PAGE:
Hollywood lodges appeal in Internet piracy case

Feb 25, 2010
The 450-foot-long Hollywood sign seen February 10, 2010 in Los Angeles, California. Hollywood film studios Thursday lodged an appeal against a landmark legal judgment which found an Australian Internet provider was not responsible for illegal movie downloads by its customers.

Hollywood film studios Thursday lodged an appeal against a landmark legal judgment which found an Australian Internet provider was not responsible for illegal movie downloads by its customers.

The Australian Federation Against Copyright Theft (AFACT), representing a consortium of 34 studios, said the Federal Court's ruling was out of step with well-established copyright law.

"The court found large scale copyright infringements (proven), that iiNet knew they were occurring, that iiNet had the contractual and technical capacity to stop them and iiNet did nothing about them," said Neil Gane, executive director of AFACT.

"In line with previous case law, this would have amounted to authorisation of ."

Gane said AFACT had filed an appeal with the Federal Court arguing it had erred on 15 grounds, setting a dangerous precedent that allowed Internet companies to turn a blind eye to theft.

"The decision harms not just the studios that produce and distribute movies, but also Australia’s creative community and all those whose livelihoods depend on a vibrant entertainment industry," he said.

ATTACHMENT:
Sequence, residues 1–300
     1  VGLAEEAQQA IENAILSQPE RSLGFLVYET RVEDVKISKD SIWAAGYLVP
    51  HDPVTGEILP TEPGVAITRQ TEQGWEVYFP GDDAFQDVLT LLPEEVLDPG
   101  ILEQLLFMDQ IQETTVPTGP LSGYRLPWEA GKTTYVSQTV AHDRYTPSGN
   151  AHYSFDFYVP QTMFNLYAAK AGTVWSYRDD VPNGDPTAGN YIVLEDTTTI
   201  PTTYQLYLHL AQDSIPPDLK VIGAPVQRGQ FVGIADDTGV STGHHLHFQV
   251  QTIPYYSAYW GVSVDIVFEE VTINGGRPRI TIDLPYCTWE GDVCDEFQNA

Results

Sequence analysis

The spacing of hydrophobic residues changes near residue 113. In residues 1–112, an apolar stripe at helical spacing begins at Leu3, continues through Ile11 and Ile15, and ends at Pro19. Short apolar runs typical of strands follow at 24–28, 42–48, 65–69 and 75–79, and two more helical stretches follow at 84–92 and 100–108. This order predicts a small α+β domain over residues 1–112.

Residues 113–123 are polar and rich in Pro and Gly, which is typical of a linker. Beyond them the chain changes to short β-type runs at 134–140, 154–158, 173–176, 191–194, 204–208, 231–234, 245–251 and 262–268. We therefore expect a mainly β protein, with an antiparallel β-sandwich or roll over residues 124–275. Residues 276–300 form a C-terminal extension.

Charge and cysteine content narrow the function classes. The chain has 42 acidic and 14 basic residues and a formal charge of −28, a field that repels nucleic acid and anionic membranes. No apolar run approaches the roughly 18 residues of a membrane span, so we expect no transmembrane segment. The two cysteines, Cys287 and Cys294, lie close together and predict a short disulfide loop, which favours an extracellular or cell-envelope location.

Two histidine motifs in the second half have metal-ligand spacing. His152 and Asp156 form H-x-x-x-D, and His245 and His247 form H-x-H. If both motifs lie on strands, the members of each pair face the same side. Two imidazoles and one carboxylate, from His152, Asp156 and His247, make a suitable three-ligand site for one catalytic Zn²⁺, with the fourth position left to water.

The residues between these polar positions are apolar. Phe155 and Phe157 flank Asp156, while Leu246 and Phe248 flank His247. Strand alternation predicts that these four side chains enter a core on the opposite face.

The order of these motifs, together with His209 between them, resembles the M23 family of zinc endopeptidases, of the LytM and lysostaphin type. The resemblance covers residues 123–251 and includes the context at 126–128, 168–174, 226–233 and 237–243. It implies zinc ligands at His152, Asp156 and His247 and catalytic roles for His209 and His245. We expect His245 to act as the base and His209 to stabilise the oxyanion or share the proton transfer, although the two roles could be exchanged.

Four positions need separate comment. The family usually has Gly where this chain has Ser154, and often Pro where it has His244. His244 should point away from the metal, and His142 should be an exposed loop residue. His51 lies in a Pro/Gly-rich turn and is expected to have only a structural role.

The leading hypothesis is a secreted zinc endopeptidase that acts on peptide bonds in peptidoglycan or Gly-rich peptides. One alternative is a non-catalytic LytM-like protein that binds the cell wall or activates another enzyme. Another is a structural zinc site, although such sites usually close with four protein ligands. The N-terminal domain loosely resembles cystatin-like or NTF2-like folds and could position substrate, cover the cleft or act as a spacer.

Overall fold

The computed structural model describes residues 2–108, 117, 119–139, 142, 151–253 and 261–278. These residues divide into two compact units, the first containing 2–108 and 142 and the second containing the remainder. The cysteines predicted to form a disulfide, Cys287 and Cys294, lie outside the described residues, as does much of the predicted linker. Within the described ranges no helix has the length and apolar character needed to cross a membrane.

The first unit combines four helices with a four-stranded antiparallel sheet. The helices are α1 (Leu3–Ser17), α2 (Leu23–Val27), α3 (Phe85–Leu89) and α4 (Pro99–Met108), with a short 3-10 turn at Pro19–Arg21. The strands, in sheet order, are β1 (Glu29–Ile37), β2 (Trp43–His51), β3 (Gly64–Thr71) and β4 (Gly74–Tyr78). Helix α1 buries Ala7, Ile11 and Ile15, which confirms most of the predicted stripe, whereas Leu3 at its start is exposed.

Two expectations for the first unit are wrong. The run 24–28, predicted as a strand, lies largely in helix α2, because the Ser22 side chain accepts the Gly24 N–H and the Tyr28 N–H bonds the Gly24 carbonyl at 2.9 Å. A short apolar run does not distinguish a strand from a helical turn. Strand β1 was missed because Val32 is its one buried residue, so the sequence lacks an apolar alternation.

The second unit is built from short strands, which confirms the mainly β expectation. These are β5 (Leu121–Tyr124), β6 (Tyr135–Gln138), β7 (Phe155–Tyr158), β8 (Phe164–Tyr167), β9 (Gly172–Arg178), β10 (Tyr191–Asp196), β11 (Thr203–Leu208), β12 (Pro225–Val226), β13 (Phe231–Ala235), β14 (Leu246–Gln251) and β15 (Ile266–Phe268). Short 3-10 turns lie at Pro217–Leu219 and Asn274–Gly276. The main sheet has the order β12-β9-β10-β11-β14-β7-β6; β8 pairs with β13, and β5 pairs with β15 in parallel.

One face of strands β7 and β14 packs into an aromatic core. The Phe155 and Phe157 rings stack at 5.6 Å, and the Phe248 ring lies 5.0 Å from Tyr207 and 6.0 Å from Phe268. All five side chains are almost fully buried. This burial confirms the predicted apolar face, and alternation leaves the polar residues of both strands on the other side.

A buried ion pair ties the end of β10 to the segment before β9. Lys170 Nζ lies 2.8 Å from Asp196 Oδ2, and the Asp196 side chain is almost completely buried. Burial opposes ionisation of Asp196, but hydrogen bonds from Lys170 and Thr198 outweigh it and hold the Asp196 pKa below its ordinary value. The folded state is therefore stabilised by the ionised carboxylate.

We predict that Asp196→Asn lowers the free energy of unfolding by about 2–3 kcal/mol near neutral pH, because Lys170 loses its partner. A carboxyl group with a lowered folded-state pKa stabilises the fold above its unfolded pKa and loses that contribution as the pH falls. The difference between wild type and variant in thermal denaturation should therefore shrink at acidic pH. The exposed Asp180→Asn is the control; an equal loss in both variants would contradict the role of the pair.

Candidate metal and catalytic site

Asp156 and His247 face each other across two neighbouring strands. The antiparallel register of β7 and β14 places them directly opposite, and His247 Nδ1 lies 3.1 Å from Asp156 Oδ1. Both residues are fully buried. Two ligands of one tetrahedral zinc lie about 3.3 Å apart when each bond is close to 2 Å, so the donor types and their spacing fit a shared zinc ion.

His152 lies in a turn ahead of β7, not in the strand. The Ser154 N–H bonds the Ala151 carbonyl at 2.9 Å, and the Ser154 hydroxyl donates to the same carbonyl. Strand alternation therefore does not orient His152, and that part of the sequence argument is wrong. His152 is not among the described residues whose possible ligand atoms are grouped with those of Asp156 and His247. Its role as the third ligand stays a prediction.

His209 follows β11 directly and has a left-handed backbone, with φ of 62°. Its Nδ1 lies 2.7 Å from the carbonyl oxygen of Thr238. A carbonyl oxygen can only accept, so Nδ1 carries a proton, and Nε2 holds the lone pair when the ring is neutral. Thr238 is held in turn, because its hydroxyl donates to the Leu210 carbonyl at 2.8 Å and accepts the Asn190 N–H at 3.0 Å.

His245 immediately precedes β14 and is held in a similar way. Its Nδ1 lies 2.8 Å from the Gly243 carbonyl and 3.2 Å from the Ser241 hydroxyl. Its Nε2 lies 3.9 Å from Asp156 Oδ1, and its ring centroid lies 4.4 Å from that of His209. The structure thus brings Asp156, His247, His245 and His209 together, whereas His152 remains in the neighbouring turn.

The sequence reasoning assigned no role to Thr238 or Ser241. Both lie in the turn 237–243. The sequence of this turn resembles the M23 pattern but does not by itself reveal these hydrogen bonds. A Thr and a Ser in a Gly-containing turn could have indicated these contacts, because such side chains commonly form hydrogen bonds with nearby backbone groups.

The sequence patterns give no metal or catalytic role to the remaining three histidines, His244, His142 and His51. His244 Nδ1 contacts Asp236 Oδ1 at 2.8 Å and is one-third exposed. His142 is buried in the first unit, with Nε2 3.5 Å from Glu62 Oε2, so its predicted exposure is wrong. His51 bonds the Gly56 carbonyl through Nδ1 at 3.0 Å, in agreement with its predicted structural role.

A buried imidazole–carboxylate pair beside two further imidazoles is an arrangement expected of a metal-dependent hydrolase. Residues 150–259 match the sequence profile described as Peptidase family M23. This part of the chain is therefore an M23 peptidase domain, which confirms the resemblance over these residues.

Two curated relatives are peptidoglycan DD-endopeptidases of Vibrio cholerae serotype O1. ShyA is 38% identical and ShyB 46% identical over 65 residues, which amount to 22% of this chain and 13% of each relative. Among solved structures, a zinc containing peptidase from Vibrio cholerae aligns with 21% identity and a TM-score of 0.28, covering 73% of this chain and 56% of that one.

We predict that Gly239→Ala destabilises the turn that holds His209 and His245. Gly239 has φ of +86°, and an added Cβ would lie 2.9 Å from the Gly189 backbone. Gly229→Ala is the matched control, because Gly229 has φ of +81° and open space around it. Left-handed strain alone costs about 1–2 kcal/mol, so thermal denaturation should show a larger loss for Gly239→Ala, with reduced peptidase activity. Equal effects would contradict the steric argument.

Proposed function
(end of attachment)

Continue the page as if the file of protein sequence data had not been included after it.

iiNet chief executive Michael Malone said he regretted AFACT's decision to prolong the legal battle.

"It is more than disappointing and frustrating that the studios have chosen this unproductive path," Malone said.

"This has not stopped one illegal download and further legal appeals will not stop piracy."

The closely-watched case, which involved major studios such as Warner Bros, Disney, Paramount, Columbia and Twentieth Century Fox, was seen as an ambitious attempt to force ISPs to act against piracy.

It hinged on thousands of downloads over the Perth-based iiNet network, Australia's third-largest ISP, over 59 weeks from June 2008 involving nearly 90 films and TV series including "Batman Begins", "Transformers" and "Heroes".

The movie studios hoped to set a worldwide precedent forcing ISPs to act against offenders, while Internet rights groups feared it would compel the firms to cut customers' web access without having to take them to court.

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